Developing Global Leaders is America's Competitive Advantage

HBR.org published this article on why developing global leaders is America’s competitive advantage. 

By Bill George

As global companies focus their strategies on developed and emerging markets, they require substantial cadres of leaders capable of operating effectively anywhere in the world. American companies and academic institutions possess unique competitive advantages in developing these global leaders. They are remarkably open to talented people from diverse backgrounds, and are highly skilled at giving future leaders the knowledge and experience they need to lead successfully in the global economy. As American leaders work with foreign nationals, they become more open, better informed, and more effective in collaborating with people around the world. The ability to develop global leaders strengthens American companies and the U.S. economy, expands America's global trade, and attracts foreign companies to base operations in the U.S.

Let's examine the reasons why America possesses this important advantage:

1. America's higher education system is a magnet for talented leaders from all over the world. The U.S. has become a Mecca for international scientists, engineers and business students — particularly those undertaking graduate studies. Since the 2008 financial collapse, a new generation of business school deans is placing increased emphasis on developing global leaders. In particular, Harvard, MIT, and Stanford have geared their programs toward global leaders: as a result, 26-38% of their graduate students are foreign nationals.

Here at Harvard Business School, Dean Nitin Nohria has revamped HBS's MBA curriculum to emphasize practical leadership and global experiences. In January all 900 of HBS's first-year students — 34% of whom are international students — worked in developing countries. In 2011, 71% of HBS's new cases were written about foreign companies. HBS welcomes 6,360 foreign nationals (64% of the total) to its executive education courses each year, enriching the experiences for Americans as well. As a consequence, these foreign-born executives become more interested in doing business with American companies and many will eventually work in the U.S.

2. U.S. companies actively promote executive officers with diverse geographic and cultural backgrounds. Coca-Cola has been a pioneer in developing global leaders. It started 30 years ago with the progressive and unusual step (for that time) of shifting from local nationals as country managers to global leaders from other countries. This has enabled the company to develop exceptional global leaders. As a consequence, five of its CEOs have been non-American-born, including today's CEO, Turkish-born Muhtar Kent. In addition, eight of its top nine line executives are from outside the U.S. Many global companies have followed Coke's lead by appointing foreign-born CEOs and executives. For example, PepsiCo CEO Indra Nooyi was born in India, Avon's Andrea Jung is Chinese-Canadian, and Medtronic CEO Omar Ishrak grew up in Bangladesh. UK-born George Buckley, CEO of 3M, will be succeeded by Swedish-born Inge Thulin. Half of 3M's executive committee comes from outside America.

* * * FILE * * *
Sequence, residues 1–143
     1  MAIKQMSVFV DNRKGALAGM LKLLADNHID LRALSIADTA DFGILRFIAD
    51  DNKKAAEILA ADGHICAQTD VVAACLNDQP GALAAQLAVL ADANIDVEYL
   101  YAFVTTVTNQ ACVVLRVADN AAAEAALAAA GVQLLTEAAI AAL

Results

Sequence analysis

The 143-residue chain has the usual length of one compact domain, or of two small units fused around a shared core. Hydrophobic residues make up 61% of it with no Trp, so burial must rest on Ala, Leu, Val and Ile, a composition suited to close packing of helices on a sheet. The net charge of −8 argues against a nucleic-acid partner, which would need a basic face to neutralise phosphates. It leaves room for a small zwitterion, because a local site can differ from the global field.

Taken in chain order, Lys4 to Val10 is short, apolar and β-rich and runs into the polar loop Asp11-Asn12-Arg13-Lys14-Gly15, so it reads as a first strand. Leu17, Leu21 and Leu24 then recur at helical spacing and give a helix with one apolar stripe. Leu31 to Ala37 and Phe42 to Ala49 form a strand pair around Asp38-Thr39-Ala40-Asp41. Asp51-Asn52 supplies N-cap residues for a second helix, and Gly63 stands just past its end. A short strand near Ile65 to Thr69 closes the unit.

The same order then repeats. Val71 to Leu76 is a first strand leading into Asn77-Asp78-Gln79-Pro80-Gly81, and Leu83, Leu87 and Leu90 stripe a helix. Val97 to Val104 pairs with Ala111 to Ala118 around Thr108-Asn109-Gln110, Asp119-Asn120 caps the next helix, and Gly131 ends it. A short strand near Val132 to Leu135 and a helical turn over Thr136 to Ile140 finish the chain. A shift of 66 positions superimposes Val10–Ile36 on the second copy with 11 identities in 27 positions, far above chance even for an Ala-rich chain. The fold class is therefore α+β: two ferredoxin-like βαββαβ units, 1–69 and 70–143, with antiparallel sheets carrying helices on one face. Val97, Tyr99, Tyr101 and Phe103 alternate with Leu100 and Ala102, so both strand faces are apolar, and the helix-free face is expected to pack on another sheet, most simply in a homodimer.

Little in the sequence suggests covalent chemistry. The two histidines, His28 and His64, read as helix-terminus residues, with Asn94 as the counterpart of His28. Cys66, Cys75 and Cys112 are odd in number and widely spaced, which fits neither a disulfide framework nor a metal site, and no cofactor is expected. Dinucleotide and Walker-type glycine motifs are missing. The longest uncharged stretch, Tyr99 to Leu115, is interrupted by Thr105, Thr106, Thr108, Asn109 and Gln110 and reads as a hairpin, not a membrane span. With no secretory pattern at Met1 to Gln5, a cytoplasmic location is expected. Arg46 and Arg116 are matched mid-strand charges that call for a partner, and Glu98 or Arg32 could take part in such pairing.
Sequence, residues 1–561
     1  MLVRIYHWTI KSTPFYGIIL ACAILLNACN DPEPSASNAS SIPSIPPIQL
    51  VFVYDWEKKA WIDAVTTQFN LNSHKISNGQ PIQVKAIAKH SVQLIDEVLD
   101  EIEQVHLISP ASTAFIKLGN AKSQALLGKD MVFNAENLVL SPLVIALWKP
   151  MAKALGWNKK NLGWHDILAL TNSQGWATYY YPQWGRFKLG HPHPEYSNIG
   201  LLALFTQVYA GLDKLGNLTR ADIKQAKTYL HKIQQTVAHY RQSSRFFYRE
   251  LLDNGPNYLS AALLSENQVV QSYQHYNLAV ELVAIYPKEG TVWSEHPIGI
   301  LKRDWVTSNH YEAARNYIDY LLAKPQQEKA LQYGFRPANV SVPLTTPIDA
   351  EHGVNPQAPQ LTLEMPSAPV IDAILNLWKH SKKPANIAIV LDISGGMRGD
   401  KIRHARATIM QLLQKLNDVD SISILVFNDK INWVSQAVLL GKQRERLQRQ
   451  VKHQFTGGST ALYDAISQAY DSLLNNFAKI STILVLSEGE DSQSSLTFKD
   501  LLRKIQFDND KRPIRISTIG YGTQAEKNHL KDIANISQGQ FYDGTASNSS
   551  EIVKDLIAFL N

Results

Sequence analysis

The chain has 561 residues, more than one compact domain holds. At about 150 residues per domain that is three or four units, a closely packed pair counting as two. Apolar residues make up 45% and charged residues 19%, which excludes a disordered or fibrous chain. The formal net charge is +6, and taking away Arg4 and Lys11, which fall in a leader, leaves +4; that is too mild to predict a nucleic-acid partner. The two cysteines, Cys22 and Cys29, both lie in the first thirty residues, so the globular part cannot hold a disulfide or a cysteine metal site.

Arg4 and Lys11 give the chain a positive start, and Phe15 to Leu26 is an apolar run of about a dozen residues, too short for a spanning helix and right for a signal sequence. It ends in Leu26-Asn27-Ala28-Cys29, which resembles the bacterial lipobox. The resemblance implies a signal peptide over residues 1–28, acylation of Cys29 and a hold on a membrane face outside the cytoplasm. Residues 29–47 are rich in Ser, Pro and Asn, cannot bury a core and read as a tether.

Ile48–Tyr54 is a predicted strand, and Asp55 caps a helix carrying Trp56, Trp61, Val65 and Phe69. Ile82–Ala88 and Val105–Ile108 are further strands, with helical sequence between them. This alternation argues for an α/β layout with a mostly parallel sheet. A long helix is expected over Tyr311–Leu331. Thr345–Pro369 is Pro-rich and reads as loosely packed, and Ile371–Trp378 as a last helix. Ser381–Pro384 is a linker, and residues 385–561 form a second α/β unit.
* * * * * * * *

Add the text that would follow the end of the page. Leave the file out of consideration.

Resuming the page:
In contrast, the CEOs and executives of leading companies in Germany, India, Korea, Japan and China are almost all natives of their home countries. Swiss companies like Nestle, Novartis, and Credit Suisse are notable exceptions, as they have non-Swiss CEOs and a majority of non-Swiss executives.

3. American companies send their most promising leaders abroad for global leadership assignments. Major U.S. companies like Cargill, ExxonMobil, 3M, and IBM insist their line executives have numerous assignments running overseas operations to ensure they understand their global businesses. They also conduct intensive development programs for global leaders through in-house training programs. Two of the best-known programs, GE's Crotonville and Goldman Sachs's Pine Street, are committed to having 50% of participants from overseas entities.

4. The U.S. leverages its pool of top talent to attract research and business units. Many foreign companies are basing research centers and business units in the U.S. to take advantage of America's talented leaders. In 2002 Novartis relocated its research headquarters from Switzerland to Boston and hired Harvard Cardiologist Mark Fishman as its leader. Nestle, Unilever, and Novartis have several business units based in the U.S. French pharmaceutical company Sanofi recently acquired Boston-based Genzyme to tap into America's intellectual capital in biotechnology.

5. America fosters risk-taking and innovation by entrepreneurs who become global leaders.America has repeatedly demonstrated its capacity to develop entrepreneurs who start with revolutionary ideas and create global companies that dominate their markets. Intel, Microsoft, Apple, Genentech, Starbucks, Google, Cisco, Amazon, Medtronic and Facebook are some of the success stories resulting from an American culture that fosters risk-taking, openness, and innovation. Their successes globally have created enormous stakeholder value for their customers, employees, communities, and investors.

In the increasingly competitive global economy, the United States needs to take advantage of its ability to develop global leaders who are capable of addressing the complex challenges facing global institutions. Unfortunately, this unique American capability is often undermined by U.S. government policies, such as limitations on work permits for foreign graduates of American universities that force them to return to their home countries. Visa restrictions also limit U.S. companies from bringing foreign nationals to America for assignments enabling them to become global leaders. American executives, educators, and government officials need to collaborate to strengthen America's leadership of the global economy.